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Liberals and Conservatives Live In Different Moral Universes

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posted on Jun, 8 2009 @ 05:13 AM
I read a great article on Alternet a while back and I thought I would share a snippet of it with you...

With all that in mind, Haidt identified five foundational moral impulses. As succinctly defined by Northwestern University's McAdams, they are:

• Harm/care. It is wrong to hurt people; it is good to relieve suffering.

• Fairness/reciprocity. Justice and fairness are good; people have certain rights that need to be upheld in social interactions.

• In-group loyalty. People should be true to their group and be wary of threats from the outside. Allegiance, loyalty and patriotism are virtues; betrayal is bad.

• Authority/respect. People should respect social hierarchy; social order is necessary for human life.

• Purity/sanctity. The body and certain aspects of life are sacred. Cleanliness and health, as well as their derivatives of chastity and piety, are all good. Pollution, contamination and the associated character traits of lust and greed are all bad.

Haidt's research reveals that liberals feel strongly about the first two dimensions -- preventing harm and ensuring fairness -- but often feel little, or even feel negatively, about the other three. Conservatives, on the other hand, are drawn to loyalty, authority and purity, which liberals tend to think of as backward or outdated. People on the right acknowledge the importance of harm prevention and fairness but not with quite the same energy or passion as those on the left.

The author of the article, Jon Haidt, does a great job examining the inherent moral differences in liberal and conservative philosophies.

Considering the extremely divisive nature of our current political landscape, it would benefit everyone to realize that we all share the same core values as other sane, functional human beings.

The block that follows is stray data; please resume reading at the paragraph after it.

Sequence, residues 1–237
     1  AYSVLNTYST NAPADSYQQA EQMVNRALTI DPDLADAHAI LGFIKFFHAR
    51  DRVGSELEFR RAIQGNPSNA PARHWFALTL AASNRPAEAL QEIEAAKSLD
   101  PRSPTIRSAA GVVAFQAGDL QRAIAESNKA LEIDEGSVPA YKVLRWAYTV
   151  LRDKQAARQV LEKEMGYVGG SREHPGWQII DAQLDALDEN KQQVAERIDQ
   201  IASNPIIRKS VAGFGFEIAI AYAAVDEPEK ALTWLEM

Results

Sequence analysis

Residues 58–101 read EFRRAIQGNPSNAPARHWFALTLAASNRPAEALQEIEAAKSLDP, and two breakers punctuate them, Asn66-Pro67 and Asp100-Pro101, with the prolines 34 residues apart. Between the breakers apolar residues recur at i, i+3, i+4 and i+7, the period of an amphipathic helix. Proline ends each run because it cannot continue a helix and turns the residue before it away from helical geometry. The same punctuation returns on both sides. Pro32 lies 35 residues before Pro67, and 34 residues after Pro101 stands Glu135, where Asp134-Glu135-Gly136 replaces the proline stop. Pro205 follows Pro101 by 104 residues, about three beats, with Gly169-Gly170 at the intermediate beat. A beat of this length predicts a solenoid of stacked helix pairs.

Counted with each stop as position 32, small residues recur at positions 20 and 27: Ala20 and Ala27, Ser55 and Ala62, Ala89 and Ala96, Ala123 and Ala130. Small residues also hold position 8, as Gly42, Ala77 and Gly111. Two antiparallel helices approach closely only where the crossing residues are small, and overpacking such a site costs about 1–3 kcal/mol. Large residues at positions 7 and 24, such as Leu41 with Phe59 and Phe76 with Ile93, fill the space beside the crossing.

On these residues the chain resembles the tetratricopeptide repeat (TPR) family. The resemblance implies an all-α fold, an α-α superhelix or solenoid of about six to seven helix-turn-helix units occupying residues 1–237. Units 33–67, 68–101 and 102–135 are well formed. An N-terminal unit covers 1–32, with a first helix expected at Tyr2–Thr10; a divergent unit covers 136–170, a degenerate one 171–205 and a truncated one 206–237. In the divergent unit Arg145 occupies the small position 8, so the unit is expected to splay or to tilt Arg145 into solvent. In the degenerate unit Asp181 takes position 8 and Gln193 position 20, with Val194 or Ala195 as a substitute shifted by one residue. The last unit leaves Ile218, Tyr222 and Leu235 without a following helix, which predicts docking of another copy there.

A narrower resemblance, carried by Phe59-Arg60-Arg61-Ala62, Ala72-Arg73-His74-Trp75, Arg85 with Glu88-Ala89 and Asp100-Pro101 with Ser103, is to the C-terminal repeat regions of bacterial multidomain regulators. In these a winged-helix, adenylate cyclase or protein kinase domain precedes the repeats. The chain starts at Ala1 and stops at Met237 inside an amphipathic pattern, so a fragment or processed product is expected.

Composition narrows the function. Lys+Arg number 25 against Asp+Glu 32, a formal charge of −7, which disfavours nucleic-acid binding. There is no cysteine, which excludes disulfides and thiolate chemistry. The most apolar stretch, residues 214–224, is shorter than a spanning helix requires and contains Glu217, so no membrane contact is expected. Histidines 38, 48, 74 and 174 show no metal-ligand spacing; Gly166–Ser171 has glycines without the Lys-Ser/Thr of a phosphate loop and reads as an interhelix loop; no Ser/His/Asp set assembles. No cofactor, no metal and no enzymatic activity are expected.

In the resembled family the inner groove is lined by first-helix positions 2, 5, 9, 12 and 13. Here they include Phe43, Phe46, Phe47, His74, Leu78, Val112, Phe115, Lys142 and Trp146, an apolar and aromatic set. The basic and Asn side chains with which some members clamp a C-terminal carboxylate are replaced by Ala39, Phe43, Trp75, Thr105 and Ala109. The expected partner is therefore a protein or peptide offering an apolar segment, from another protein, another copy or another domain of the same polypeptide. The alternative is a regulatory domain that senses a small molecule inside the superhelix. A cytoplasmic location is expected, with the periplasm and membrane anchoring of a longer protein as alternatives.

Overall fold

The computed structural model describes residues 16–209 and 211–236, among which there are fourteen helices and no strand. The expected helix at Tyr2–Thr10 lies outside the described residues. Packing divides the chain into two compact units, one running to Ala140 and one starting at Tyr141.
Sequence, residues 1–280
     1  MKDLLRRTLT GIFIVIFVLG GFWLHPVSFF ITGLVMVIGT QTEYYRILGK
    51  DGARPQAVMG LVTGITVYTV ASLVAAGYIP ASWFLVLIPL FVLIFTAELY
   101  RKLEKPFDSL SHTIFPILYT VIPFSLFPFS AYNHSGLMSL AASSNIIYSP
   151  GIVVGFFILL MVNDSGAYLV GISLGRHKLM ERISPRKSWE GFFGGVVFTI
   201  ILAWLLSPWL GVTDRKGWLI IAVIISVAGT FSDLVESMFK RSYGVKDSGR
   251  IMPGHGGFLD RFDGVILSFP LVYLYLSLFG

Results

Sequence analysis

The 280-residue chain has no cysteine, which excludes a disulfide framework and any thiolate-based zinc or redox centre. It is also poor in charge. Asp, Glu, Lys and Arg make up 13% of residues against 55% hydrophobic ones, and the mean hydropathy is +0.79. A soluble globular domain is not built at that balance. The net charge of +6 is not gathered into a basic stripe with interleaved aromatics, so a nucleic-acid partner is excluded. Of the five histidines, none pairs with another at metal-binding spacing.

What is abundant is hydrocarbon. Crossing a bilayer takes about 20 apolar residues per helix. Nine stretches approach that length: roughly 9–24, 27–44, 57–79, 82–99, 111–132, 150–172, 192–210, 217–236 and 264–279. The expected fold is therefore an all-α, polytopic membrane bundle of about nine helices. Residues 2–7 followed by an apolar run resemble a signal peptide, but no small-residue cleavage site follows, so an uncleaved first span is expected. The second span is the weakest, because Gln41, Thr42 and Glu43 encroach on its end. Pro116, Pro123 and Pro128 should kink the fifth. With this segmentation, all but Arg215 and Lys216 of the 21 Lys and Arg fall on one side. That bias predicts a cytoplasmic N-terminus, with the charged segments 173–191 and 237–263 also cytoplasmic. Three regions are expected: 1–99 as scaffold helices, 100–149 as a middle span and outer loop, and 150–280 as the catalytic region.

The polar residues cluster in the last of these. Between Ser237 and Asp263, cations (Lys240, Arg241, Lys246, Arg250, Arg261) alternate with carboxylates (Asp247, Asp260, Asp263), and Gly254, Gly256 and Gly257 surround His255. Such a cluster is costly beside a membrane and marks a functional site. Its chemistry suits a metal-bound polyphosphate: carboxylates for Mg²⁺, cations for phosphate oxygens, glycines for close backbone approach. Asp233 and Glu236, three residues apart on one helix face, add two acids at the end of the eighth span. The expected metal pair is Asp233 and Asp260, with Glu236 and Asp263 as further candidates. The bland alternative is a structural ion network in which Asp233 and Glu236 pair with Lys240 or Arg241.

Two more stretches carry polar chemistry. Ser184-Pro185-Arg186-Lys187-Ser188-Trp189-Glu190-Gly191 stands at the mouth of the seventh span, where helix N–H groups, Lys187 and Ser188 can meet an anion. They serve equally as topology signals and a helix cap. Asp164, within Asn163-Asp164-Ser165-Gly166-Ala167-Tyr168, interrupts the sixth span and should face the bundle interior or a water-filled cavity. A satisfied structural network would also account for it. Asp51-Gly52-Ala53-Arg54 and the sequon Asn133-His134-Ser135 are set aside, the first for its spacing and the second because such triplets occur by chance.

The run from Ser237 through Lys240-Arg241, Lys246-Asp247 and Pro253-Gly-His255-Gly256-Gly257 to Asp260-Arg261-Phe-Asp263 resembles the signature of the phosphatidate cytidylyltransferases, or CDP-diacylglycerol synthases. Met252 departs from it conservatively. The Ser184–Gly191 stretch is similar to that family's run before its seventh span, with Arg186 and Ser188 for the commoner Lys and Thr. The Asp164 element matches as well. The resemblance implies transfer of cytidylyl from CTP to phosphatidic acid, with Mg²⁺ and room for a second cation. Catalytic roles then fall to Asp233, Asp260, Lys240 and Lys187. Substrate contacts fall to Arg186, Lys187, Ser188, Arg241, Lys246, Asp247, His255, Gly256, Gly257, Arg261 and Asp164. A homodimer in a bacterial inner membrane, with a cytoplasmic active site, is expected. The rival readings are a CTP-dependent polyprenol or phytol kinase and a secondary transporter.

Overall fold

posted on Jun, 8 2009 @ 09:41 PM
The article is well worth a read although it is some what devalued by the fact that not everyone fits neatly into the Liberal / Conservative labels or category's .

So in terms of the article what can I Identify with ?
Loyalty to ones country ever since the Vietnam freedom of speech has triumphed over what was once regarded as treason . For those Australian dock unions who went on strike in protest at Australia role in Vietnam or , those who offered medical aid to the Viet Cong committed treason . The lack of a generation who have fought a world war against tyranny has seemed to result in bad citizenry .

posted on Jun, 8 2009 @ 09:44 PM
I kind of agree, it does seem to be a "glass half empty/half full" situation in the way that:

Should we protect our own country by increasing stability here or preventing things from happening overseas?

Should we lower taxes to make families' lives easier, or raise taxes to improve the system to make their lives easier?

If the country is healthy, we should provide free healthcare, or if the country is healthy people should be able to provide their own.

The article may be on to something.

posted on Jun, 13 2009 @ 01:58 AM
Hmm. So, in terms of the article, how much of someone's political beliefs come from nature and how much from nurture? If someone is a conservative, is that because of how they were brought up, or some inner psychological reason?

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